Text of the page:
Circadian rhythmicity of stroke onset. Intracerebral and subarachnoid hemorrhage.
Our purpose was to describe and further understand the determinants of the time of onset of parenchymatous intracerebral hemorrhage and subarachnoid hemorrhage in patients enrolled in the Stroke Data Bank.
We analyzed the observed times of onset of intracerebral hemorrhage (n = 237 patients) and subarachnoid hemorrhage (n = 243 patients) compared with expected times of onset if the probability of onset was constant across all time intervals. We also analyzed the role of clinical features (if any) in explaining the findings.
For intracerebral hemorrhage, 52.5% of patients reported onset times between 0600 hours and 1400 hours, with peak onset between 1000 and 1200 hours (chi 2 = 62.94, df = 11, p less than 0.001). Patients with subarachnoid hemorrhage were more likely to lack a history of hypertension compared with patients who had intracerebral hemorrhage (chi 2 = 23.3, df = 1, p less than 0.001). Patients with subarachnoid hemorrhage were more likely to have more uniform onset time throughout the day (chi 2 = 12.92, df = 7, p = 0.074). However, subarachnoid hemorrhage patients with a history of hypertension were more likely to have peak onset times in mid-to-late morning compared with patients without such a history (chi 2 = 35.25, df = 10, p less than 0.001). The nonuniformity of onset times for intracerebral hemorrhage persisted even if patients with unknown onset times were treated as through their onset times were randomly distributed between 0000 and 0800 hours. Seasonal periodicity and the relation between initial systolic or diastolic blood pressure and time of onset for either type of hemorrhage were not observed.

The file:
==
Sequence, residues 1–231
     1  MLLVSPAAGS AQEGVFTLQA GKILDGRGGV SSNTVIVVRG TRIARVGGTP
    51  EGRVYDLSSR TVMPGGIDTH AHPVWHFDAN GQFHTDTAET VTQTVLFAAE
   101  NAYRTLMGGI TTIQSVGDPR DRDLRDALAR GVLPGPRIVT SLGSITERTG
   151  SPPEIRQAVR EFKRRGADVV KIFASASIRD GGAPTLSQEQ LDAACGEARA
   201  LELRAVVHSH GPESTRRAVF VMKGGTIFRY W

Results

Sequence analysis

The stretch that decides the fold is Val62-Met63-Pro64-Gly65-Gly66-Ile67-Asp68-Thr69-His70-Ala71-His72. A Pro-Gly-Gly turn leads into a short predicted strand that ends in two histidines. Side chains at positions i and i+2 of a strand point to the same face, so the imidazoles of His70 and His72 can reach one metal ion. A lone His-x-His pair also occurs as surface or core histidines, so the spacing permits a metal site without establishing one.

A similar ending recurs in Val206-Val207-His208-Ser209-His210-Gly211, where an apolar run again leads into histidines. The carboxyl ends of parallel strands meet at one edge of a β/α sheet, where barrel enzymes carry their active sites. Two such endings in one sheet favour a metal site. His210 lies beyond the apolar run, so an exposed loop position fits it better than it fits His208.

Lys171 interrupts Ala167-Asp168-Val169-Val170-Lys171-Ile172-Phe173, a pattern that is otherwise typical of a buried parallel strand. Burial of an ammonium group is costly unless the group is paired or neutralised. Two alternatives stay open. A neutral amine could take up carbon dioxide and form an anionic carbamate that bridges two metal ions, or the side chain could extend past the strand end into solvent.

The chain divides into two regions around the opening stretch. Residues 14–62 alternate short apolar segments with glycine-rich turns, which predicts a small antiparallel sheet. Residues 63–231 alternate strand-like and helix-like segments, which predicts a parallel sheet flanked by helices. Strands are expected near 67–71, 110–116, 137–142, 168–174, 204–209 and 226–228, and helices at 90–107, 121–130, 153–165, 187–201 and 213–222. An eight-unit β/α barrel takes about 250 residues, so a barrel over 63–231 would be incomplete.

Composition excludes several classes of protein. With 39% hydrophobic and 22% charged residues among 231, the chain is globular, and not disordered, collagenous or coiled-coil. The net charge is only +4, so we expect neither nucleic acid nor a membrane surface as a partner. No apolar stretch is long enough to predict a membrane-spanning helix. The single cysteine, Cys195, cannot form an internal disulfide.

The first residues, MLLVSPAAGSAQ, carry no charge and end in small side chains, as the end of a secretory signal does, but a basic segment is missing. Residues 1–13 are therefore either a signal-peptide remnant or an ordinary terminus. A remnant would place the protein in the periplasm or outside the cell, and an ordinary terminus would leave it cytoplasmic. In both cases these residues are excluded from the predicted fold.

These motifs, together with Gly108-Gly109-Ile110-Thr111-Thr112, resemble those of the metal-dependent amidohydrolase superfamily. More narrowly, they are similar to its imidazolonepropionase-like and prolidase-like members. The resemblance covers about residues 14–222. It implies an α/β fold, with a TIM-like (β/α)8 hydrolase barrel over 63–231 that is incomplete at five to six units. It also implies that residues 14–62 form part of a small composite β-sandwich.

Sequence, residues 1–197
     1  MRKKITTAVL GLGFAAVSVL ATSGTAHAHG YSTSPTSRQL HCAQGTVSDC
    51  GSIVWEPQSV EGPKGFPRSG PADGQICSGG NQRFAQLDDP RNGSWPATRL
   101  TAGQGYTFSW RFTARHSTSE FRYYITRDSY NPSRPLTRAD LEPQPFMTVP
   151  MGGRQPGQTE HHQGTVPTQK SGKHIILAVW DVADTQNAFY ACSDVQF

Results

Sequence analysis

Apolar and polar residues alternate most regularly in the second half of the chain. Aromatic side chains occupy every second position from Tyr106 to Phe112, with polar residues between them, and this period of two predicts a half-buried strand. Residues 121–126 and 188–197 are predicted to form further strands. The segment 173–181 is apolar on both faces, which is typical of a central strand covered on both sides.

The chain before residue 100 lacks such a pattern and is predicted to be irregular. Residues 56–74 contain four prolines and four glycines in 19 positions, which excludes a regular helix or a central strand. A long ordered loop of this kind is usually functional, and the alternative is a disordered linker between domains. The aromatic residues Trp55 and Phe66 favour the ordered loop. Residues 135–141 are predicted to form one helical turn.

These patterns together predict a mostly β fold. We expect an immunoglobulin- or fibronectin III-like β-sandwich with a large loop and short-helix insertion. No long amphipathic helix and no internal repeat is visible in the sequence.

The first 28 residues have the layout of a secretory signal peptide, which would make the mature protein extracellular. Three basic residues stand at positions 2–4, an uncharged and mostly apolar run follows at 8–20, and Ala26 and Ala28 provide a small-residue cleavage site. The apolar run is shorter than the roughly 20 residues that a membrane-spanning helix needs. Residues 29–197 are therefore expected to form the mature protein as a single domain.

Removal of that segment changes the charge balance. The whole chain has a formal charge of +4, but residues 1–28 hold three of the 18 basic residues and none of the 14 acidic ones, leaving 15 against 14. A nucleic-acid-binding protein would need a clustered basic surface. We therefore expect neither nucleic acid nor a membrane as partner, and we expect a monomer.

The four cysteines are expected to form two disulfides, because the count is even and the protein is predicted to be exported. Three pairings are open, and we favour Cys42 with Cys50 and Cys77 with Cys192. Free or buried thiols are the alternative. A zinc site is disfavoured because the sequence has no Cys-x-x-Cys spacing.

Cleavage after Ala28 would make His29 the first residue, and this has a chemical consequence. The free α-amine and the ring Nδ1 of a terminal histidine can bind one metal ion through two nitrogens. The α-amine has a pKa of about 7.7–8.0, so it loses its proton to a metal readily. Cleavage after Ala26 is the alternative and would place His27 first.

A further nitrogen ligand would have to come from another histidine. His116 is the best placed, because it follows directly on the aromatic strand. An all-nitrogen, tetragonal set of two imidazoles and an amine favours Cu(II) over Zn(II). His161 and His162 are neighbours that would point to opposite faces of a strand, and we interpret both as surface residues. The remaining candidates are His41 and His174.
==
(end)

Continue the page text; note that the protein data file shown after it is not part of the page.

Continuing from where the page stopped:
Our data suggest that the time of onset for both intracerebral hemorrhage and subarachnoid hemorrhage patients with a history of hypertension is similar to the diurnal variation in blood pressure.
- Copyright © 1992 by American Heart Association